Back when I was much younger and a bit more impudent, I once gently chided Walter for not getting arrested in gestures of civil disobedience; it seems that his Biblical and prophetic directives sure would have compelled that kind of public resistance. But, still, his courage and assistance to those on the picket line, in the soup kitchens and free medical clinics and advocating for immigrants and others marginalized by church and state has been consistent and healing ballast for those in the struggle. I wish Kanagy might have explored some of the public stuff Brueggemann did do, speaking at protests or preaching on the streets or joining those doing mission projects. There is no reference to friendship with Dan or Phil Berrigan, say, although Walter appreciated their mutual mentor, Abraham Heschel.

The book does explore, and Kanagy does speak, however, about another aspect of Brueggemann’s life which, as a biographer, he had to investigate; let’s give it that generic name of his background; his family of origin. There are no awful stories there, other than the impact of Walter having grown up rural and poor, with a relatively uneducated father who became an innovative and respected small town pastor. (Respected by some, that is; there is a terrible story of a snooty Missouri Synod Herr Doktor pastor who would not even shake Brueggemann’s father’s hand, humiliating him deeply.) Walter’s mother was demanding and those who have heard Brueggemann speak candidly, as he does in workshops and retreats, may have heard him speak of having been in therapy some of his adult life. He has studied Freud and others, trying to figure out the vexed relationship with his loving, good, German family. Kanagy is  never inappropriate and there are no hidden secrets revealed, but a few key moments in his upbringing come up, over and over, actually. It’s revealing, instructive, and, again, garners more sympathy for Walter as he admits to ongoing puzzlement about his family of origin and the pietism of his immigrant denomination and the faith in which he was brought up.

Speaking of which, he was, as most know, part of a stream of gentle, German Reformed Calvinists that merged with another such tributary, who then merged with New England congregationalists to form the United Church of Christ (UCC.) I wish Kanagy might have mentioned a bit more about this historic merger and if Brueggemann was involved; his first books were on the UCC press, I believe, including his famous Living Into a Vision which was reissued years later as Peace.) Walter’s first seminary job — he was a farm hand as a kid — was at his father’s old seminary, Eden, founded in 1850 near Saint Louis, which, years before Walter arrived, had one of the Niehbur brothers as dean (and the other on the Board.) Brueggemann’s own interest in weaving together insights from sociology with Biblical theology was affirmed there, even as he became a young dean, himself, appreciated greatly by nearly everyone there.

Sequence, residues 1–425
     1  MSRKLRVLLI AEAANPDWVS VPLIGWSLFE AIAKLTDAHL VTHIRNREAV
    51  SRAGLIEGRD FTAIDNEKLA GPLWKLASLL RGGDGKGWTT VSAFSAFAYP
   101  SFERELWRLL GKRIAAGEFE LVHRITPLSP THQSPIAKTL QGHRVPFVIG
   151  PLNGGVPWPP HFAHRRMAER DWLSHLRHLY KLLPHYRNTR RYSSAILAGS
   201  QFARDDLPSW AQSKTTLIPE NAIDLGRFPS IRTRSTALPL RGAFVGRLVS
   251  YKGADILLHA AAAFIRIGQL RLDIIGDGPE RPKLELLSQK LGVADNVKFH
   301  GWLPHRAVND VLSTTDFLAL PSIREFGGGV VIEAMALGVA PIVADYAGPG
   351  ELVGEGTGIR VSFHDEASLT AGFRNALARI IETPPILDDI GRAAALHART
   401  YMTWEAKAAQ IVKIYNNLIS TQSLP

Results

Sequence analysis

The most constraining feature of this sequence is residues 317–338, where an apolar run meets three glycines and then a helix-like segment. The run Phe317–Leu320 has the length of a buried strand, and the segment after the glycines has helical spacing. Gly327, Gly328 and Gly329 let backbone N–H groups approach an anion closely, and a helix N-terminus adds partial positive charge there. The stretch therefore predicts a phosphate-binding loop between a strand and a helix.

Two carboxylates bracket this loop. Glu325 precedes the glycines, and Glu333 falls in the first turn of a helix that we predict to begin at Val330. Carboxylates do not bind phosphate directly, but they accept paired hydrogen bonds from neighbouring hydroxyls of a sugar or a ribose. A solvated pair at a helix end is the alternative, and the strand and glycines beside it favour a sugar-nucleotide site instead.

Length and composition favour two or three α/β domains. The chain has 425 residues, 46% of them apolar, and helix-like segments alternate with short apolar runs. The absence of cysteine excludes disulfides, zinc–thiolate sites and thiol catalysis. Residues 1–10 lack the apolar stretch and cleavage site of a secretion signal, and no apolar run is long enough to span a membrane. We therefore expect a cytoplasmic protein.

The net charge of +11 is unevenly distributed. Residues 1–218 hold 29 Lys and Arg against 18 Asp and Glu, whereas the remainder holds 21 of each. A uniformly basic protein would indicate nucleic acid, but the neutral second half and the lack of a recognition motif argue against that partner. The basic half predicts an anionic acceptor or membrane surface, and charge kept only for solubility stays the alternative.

And so, Walter Brueggemann’s Prophetic Imagination: A Theological Biography is just that — a personal biography, yes, but with a special view to Brueggemann’s ongoing theological development, in light of his speciality, the exegesis of the texts of the Bible which he knows so well. (To be clear, he is not trained officially in theology proper, but is a Bible scholar, not a theologian as such.) By speaking in such lively terms about the possibility of knowing the God of the Bible and actually caring about communities of faith that pray and sing hymns and baptize babies and serve the poor and do what ordinary churches do, he lives his life at the intersection of Biblical studies and congregational life.

As an older gentleman, now, (he was born in 1933 so you do the math) his conversations with Kanagy were winsome and wistful, energetic at times, honest, even painful. But, mostly, the interviews reflect on Brueggemann’s own sense of the call to study and grapple with and proclaim the good news of God’s promised regime change, the reign of God breaking into human history, most clearly in the life, death, and resurrection of Jesus the Christ. His lifetime spent upsetting the arcane, critical worlds of (nearly) unbelieving Biblical scholarship as well as the co-opted, captive churches (left, right, or center), made for a hard but dramatic life. Kanagy raises so much, reports back from the interviews with elan and appreciation, and sometimes digresses to show how Brueggemann connects the dots between the Bible and our emerging postmodern times.

Kanagy’s voice is the present one in the book, but the topic comes alive. Those who have met Brueggemann will appreciate this so much, hearing him in these stories and reflections and those who have not will come to a better appreciation of the man and his work.